Here’s a “peek” at just some of the engaging lessons in our 3rd – 5th grade curriculum
(Also suitable for most 6th graders!)
This is a sample of 7 core lesson plans for grades 3-5 Biodiversity PEEK. The full curriculum consists of 25 complete lesson plans. That’s enough for a full semester of weekly STEAM activities, and so many interdisciplinary project-based extension activities that you can use it as a base curriculum for an entire year!
Take a PEEK at a sample lesson here!
Beach Surprise: A Biodiversity PEEK Story from Ecuador
This true story about some PEEK kids rescuing a sea turtle packs a big punch. It gives your kids a real Biodiversity PEEK example of how important their citizen-science work of collecting photo data and making observations can be for the conservation of biodiversity. It also gives them a chance to get familiar with and explore the iNaturalist database, and apply some key terms. Plus, who doesn’t love sea turtles?!
Sun Prints: Cause and Effect Art
This is the first truly STEAM experience for your students. They go to their EyeSpots, or at least just outside, to create art in a mysterious cause and effect process of light that you DO NOT explain at first Instead the kids play with some variables, make observations, and form an evidence-supported claim for what may be happening and why. And, they’ll have some hauntingly beautiful art to show for it!
EyeSpots: Journal Wonderings
Curiosity doesn’t kill cats, it teaches kids! First, students sit in their EyeSpots and observe the plants and animals they’re curious about. Then they use a writing and drawing journal activity to help them develop several questions about what traits and behaviors help those plants and animals survive and thrive. Later on, students will research their questions to help develop and present an argument with supporting evidence. Half your class can do this lesson while the other half does Photography in The Weeds.
EyeSpots: Photography in the Weeds
While half your kids are Journal Wondering, this group takes cameras to their EyeSpots and photographs the plants and animals they find there. The photos will be later used as citizen-science biodiversity data and possibly as first-hand evidence to support the arguments they develop about what traits and behaviors help plants and animals survive. If you have few wild plants, don’t panic, we have an idea!
Sharing Photo Data
Your students become full-fledged citizen-scientists as they share their best photos and observations made so far on the iNaturalist database! This lesson was created to be used in conjunction with the previous one, the Survival Game. Assuming you are limited on computer access, half of your kids upload their observations on iNaturalist while the other half play the student-led Survival Game.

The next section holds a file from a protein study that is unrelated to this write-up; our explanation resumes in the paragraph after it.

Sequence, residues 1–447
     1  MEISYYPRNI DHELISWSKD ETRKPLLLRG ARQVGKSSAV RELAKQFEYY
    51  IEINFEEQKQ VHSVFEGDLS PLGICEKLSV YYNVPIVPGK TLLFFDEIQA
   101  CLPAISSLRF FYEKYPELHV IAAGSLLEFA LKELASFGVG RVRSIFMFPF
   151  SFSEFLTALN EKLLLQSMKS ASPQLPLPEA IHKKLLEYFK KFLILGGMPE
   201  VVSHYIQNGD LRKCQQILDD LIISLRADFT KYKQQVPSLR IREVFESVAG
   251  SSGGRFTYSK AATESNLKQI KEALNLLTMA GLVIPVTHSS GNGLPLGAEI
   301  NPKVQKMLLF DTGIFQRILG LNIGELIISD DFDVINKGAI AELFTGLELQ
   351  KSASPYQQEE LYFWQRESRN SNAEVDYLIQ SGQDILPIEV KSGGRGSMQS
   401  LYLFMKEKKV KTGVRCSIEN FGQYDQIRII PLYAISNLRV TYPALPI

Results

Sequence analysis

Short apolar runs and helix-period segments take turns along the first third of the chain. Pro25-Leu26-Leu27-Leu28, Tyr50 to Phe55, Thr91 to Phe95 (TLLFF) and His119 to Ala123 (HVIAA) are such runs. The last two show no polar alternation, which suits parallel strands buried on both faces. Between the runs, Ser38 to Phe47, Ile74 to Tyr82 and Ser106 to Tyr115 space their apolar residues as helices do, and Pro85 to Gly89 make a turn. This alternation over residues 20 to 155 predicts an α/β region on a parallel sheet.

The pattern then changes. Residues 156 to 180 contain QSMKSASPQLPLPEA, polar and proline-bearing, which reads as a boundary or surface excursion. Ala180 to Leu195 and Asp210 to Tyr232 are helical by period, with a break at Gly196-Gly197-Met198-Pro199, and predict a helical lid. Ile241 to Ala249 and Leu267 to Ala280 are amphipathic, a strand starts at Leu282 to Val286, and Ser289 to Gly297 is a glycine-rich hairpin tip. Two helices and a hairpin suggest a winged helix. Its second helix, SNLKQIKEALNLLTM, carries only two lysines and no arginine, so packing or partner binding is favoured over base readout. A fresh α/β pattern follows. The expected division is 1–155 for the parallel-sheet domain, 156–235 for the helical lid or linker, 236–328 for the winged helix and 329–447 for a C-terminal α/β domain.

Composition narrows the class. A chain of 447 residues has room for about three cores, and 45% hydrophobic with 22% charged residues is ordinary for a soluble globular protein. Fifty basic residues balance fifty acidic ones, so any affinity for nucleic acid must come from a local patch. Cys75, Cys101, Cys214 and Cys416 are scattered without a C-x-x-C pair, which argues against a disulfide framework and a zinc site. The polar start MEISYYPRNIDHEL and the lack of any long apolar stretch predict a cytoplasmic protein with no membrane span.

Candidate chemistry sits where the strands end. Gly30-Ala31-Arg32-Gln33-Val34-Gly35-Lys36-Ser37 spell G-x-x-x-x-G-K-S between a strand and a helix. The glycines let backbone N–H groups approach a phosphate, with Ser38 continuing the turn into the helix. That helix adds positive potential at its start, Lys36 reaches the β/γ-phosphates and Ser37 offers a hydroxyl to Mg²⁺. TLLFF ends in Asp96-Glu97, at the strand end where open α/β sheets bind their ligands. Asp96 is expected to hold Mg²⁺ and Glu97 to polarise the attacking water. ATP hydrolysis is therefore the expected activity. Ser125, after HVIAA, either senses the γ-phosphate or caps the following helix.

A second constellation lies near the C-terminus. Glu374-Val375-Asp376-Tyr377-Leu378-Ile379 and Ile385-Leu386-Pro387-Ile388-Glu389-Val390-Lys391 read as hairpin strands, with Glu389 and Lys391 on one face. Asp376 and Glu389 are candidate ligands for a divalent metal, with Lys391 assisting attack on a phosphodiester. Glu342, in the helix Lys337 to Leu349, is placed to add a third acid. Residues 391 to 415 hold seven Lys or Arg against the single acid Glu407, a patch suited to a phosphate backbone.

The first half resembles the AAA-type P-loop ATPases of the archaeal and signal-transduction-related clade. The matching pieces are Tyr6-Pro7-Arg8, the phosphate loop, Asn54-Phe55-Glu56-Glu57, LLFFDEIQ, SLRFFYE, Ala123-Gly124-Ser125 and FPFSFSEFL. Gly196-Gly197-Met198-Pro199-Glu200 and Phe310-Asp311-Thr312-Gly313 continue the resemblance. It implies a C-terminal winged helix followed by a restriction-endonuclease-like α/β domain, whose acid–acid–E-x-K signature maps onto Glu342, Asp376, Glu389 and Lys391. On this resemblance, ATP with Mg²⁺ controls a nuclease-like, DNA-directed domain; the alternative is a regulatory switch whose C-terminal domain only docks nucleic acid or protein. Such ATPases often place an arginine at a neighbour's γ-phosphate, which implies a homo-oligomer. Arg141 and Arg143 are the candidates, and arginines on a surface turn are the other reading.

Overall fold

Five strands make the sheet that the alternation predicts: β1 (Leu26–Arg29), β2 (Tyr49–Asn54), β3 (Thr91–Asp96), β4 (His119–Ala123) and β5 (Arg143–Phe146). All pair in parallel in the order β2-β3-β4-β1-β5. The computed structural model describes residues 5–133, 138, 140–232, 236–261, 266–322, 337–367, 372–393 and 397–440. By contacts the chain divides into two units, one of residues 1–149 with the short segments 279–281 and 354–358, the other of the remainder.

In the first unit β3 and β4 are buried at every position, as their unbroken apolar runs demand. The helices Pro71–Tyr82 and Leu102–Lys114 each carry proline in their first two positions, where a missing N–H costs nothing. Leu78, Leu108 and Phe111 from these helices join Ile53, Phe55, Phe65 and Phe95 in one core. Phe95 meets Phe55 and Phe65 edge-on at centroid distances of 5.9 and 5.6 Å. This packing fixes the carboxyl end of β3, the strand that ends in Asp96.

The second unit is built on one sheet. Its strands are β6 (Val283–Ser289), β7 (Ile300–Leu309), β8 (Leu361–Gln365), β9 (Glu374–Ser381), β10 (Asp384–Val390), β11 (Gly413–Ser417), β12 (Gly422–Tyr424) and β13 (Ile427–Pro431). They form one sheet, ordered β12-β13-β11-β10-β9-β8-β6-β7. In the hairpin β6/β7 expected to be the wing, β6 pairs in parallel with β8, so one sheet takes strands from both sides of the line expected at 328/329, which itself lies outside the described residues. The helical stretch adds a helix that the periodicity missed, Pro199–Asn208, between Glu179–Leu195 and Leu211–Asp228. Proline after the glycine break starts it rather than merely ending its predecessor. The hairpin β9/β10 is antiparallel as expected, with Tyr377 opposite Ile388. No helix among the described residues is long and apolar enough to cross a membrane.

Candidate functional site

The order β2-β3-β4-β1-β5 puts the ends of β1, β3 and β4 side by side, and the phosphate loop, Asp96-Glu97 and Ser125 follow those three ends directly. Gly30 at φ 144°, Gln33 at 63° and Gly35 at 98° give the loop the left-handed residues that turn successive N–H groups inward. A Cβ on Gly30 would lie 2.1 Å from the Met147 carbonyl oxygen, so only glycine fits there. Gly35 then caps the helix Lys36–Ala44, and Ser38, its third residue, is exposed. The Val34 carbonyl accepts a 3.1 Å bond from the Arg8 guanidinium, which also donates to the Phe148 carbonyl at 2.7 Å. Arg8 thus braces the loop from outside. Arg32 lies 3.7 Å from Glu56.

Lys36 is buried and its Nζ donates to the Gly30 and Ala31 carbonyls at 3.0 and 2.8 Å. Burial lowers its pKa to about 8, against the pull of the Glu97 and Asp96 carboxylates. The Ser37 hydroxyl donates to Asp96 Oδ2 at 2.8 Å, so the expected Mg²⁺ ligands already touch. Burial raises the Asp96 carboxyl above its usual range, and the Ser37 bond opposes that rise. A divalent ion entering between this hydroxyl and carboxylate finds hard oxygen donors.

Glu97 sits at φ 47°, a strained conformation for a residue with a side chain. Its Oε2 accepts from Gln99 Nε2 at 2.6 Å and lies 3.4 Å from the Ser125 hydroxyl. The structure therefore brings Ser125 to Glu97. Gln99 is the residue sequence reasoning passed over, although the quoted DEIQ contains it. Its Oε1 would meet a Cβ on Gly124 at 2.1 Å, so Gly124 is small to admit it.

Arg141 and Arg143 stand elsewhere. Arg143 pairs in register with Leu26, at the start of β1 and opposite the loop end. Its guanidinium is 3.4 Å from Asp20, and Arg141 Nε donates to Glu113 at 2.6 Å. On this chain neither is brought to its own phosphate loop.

Tinkering: Handheld Cameras Obscura
This iterative-process lesson is the backbone of Biodiversity PEEK’s engineering and applied math experience. Students design their own handheld “dark rooms” and tinker as long as you want with various iterations of their designs. As your students make adjustments to their devices they will isolate variables, note causes and effects, raise new questions, and explore new hypotheses. They may even realize that they have created a model of the human eye!
Class Biodiversity Challenge
This is the heart of Biodiversity PEEK’s project-based learning. Students evaluate their specific site through the observations and data they have collected there. Then they brainstorm ways they can help native plants and animals near school have a more supportive and biodiverse environment, and develop a feasible plan and take action to improve or protect their local biodiversity. They do the work, not you!
Here’s your chance to show off to the entire school, parents, and greater community the variety of work your students have been doing as a part of Biodiversity PEEK. We don’t have a “cookie cutter” plan for you, but instead enable you to create an event that works for you and your situation. You may even choose to have your Biodiversity PEEK projects displayed as part of a larger event that your school already hosts, thus bringing in more visitors with less work on your part. The main thing is to step back and let the kids use their growing skills in communication, planning, art, math, design, etc. to create the display. All you should do is guide them so that an organized and feasible exhibition happens and that it shows off the work and talents of all students. We give you some ideas for a successful exhibit and remind you to creatively upcycle whenever you can and make what you’ve got work like a beautiful beast!